Strengths and limitations of this study

The main strengths of our study were its design and sample size. Our inclusion criteria were close to those of the current practice as they allowed GPs to include patients without any context of cough. Investigators were evenly distributed throughout France. Compared with the national medical demography,28,29 the rates of men, medical trainers, rural location or group exercise were larger in our group of investigators (Table 1). The patients included mainly lived in a rural or semi-urban environment and their socio-professional distribution was similar to the French demographic distribution.30

However, our study has some limitations. First, the investigators were part of a trainer and research GP network. Thus, the representativeness of the GP practice could be questioned. However, it has been shown that results of practice-based research networks are relevant to other practising clinicians.31 Second, according to our inclusion criteria, an X-ray was not performed in all patients. GP decision-making process, care conditions, patient preferences and other causes could have influenced the decision to perform or not perform an X-ray.32 We did not ask the investigators the reason for prescribing or not prescribing an X-ray as our objectives were focussed on patient characterisation.

Furthermore, when an X-ray was performed, the interpretation by a local radiologist aware of the suspected diagnosis could have contributed to overdiagnosis, particularly in case of non-alveolar pneumonia.33 However, as our study took place in the ambulatory setting, forcing a strict timing to perform the CR associated with a double reading was not consistent with the current practice.

In patients with negative radiography but with clinical findings consistent with CAP, false negatives with delayed positivity were possible. However, the median time for obtaining negative radiography results following the inclusion was 6 days and only 33 patients had a negative X-ray within the 3 days following the inclusion. Moreover, obtaining a normal X-ray despite pulmonary infection confirmed microbiologically or by chest CT has been previously described.34

Implications for future research, policy and practice

Our findings support the questionable usefulness of the routine X-ray in the management of patients with suspected CAP.35 Further ambulatory studies with microbiological investigations and/or biological markers are needed to help GPs in their decision to prescribe antibiotics.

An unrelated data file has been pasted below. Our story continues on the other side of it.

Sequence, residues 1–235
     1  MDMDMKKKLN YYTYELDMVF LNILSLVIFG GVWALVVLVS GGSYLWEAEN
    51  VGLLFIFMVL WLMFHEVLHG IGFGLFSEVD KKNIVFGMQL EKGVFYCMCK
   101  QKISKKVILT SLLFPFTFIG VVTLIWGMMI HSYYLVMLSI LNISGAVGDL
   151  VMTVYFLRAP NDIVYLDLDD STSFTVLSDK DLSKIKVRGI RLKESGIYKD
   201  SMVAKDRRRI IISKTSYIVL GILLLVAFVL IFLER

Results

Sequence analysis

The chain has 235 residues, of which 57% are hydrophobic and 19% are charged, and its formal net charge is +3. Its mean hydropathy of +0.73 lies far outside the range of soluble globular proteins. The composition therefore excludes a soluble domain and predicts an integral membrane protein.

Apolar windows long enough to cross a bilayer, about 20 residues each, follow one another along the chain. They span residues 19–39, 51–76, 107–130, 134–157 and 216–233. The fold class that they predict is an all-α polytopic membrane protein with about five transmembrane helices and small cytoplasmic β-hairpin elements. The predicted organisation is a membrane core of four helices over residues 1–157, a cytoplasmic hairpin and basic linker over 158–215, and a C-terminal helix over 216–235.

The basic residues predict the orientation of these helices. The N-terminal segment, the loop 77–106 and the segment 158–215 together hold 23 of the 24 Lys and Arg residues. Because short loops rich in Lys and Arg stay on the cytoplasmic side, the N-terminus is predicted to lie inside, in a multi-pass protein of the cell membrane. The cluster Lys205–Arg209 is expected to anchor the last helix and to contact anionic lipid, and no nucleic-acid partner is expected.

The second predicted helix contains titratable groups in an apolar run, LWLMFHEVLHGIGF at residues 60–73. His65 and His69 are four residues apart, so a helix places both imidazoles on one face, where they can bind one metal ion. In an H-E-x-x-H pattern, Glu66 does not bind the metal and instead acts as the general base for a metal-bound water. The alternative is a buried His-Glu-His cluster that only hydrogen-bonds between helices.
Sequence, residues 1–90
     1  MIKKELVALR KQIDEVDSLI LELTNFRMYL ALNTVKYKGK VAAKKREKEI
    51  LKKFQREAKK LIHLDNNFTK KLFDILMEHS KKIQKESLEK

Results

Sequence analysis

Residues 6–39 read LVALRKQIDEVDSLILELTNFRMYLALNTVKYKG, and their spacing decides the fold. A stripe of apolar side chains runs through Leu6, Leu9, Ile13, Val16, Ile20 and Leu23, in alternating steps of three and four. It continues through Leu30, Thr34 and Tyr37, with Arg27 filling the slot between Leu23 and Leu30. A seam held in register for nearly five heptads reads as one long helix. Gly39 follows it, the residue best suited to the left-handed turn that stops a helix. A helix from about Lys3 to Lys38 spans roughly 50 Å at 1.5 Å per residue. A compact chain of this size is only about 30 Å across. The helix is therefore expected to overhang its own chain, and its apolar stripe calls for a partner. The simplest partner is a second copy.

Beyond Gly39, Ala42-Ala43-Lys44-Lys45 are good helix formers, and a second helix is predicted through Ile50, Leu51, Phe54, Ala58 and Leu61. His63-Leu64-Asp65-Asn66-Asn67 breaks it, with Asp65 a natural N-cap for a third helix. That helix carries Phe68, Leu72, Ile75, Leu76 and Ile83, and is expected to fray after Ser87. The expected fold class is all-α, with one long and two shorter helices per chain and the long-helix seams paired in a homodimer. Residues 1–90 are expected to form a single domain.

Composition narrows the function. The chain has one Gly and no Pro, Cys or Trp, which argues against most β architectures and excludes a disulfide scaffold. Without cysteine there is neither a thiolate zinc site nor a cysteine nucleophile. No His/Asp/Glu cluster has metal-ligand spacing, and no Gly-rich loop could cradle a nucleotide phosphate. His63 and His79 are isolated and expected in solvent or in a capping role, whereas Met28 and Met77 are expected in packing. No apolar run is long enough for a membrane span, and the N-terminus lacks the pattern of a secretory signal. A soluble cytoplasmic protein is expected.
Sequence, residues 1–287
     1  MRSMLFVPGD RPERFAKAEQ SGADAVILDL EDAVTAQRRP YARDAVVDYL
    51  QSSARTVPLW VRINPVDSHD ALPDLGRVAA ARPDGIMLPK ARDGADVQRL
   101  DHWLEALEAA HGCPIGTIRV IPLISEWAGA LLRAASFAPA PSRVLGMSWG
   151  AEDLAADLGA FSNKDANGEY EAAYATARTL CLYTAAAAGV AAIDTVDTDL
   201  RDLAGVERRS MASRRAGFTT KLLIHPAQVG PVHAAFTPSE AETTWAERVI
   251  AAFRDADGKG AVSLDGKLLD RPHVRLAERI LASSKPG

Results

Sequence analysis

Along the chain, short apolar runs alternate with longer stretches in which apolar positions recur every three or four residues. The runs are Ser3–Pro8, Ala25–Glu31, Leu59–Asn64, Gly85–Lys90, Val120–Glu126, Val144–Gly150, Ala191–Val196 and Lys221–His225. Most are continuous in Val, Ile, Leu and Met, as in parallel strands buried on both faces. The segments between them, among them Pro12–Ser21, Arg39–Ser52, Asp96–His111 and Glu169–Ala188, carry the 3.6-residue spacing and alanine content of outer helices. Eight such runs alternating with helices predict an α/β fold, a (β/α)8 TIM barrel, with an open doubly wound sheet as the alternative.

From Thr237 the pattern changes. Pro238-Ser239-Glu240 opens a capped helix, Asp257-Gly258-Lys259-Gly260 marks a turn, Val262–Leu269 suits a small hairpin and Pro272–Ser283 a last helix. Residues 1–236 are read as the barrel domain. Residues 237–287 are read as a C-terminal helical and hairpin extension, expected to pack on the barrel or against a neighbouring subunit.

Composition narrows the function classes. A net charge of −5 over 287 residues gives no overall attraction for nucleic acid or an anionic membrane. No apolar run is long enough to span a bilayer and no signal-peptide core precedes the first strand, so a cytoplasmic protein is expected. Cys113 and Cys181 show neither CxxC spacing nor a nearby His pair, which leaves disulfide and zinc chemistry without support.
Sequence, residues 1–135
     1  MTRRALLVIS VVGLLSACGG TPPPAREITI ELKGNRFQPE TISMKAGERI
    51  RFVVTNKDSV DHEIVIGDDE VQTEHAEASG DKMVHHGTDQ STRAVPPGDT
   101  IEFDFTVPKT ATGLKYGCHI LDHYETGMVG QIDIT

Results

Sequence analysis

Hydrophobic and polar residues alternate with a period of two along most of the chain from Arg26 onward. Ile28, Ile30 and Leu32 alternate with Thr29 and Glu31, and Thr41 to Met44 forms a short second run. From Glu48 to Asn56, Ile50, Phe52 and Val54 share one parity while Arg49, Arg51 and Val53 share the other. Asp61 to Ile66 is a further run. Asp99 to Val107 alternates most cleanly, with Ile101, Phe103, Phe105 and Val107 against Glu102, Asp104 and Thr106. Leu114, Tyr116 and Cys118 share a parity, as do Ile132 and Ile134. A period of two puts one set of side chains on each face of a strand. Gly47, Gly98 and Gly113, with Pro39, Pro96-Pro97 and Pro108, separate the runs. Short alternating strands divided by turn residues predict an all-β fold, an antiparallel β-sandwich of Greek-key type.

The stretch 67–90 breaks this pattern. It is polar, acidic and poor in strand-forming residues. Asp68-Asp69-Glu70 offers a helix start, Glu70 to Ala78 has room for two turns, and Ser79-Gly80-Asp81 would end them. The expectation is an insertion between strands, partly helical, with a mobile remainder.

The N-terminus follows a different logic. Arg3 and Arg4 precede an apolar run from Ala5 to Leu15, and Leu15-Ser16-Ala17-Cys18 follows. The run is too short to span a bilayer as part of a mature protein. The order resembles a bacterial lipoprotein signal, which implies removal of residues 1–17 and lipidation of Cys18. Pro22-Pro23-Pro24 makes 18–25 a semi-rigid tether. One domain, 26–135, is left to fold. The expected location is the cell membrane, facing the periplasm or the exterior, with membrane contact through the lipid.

Conclusions

At first presentation, most patients consulting GPs for suspected CAP had a sudden onset of cough, fever, and weakness or myalgia. All of these three most common symptoms were found in 70% of patients. Most patients had mild disease even if a significant proportion of them were at increased risk for invasive pneumococcal disease. However, systematic antibiotic prescription, with mainly high-dose amoxicillin, was observed in this population. Regardless of their management with X-rays, most patients experienced an uncomplicated disease progression. These findings confirm the low relevance of a routine X-ray in assessing suspected CAP in primary care.

References

  1. 1

    Agence française de sécurité sanitaire des produits de santé. [Antibiotic in general and current practice in lower respiratory tract infections in adults and children. Arguments]. Med Mal Infect 2005; 35: 635–694.

    Article  Google Scholar 

  2. 2

    Société de Pathologie Infectieuse de Langue Française. [15th consensus conference about management of lower respiratory tract infections in immunocompetent adult]. Med Mal Infect 2006; 36: 235–244.

    Article  Google Scholar 

  3. 3

    Mandell LA, Wunderink RG, Anzueto A, Bartlett JG, Campbell GD, Dean NC et al. Infectious Diseases Society of America/American Thoracic Society consensus guidelines on the management of community-acquired pneumonia in adults. Clin Infect Dis 2007; 44 (Suppl 2): S27–S72.

    Article  Google Scholar 

  4. 4

    Mayaud C, Fartoukh M, Prigent H, Parrot A, Cadranel J . [Critical evaluation and predictive value of clinical presentation in out-patients with acute community-acquired pneumonia]. Med Mal Infect 2006; 36: 625–635.

    CAS  Article  Google Scholar 

  5. 5

    Hopstaken RM, Coenen S, Butler CC . Treating patients not diagnoses: challenging assumptions underlying the investigation and management of LRTI in general practice. J Antimicrob Chemother 2005; 56: 941–943.

    CAS  Article  Google Scholar 

  6. 6

    Metlay JP, Fine MJ . Testing strategies in the initial management of patients with community-acquired pneumonia. Ann Intern Med 2003; 138: 109–118.

    Article  Google Scholar 

  7. 7

    Laurichesse H, Robin F, Gerbaud L, Pochet P, Gourdon F, Beytout J et al. Empirical therapy for nonhospitalized patients with community-acquired pneumonia. Study Group of General Practitioners. Eur Respir J 1998; 11: 73–78.

    CAS  Article  Google Scholar 

  8. 8